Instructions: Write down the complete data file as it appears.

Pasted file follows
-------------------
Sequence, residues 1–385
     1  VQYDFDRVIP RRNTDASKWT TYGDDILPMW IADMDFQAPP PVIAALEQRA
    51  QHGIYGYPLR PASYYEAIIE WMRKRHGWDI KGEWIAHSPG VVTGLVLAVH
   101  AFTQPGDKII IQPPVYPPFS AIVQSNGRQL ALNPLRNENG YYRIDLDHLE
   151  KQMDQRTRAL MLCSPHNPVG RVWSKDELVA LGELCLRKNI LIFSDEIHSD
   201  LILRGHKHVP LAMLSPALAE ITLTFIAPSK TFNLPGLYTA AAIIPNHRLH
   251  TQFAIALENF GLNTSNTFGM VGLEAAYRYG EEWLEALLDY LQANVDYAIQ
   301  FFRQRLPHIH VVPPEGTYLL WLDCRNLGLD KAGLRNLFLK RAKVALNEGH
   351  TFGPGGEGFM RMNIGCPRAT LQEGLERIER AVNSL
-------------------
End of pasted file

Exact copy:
Sequence, residues 1–385
     1  VQYDFDRVIP RRNTDASKWT TYGDDILPMW IADMDFQAPP PVIAALEQRA
    51  QHGIYGYPLR PASYYEAIIE WMRKRHGWDI KGEWIAHSPG VVTGLVLAVH
   101  AFTQPGDKII IQPPVYPPFS AIVQSNGRQL ALNPLRNENG YYRIDLDHLE
   151  KQMDQRTRAL MLCSPHNPVG RVWSKDELVA LGELCLRKNI LIFSDEIHSD
   201  LILRGHKHVP LAMLSPALAE ITLTFIAPSK TFNLPGLYTA AAIIPNHRLH
   251  TQFAIALENF GLNTSNTFGM VGLEAAYRYG EEWLEALLDY LQANVDYAIQ
   301  FFRQRLPHIH VVPPEGTYLL WLDCRNLGLD KAGLRNLFLK RAKVALNEGH
   351  TFGPGGEGFM RMNIGCPRAT LQEGLERIER AVNSL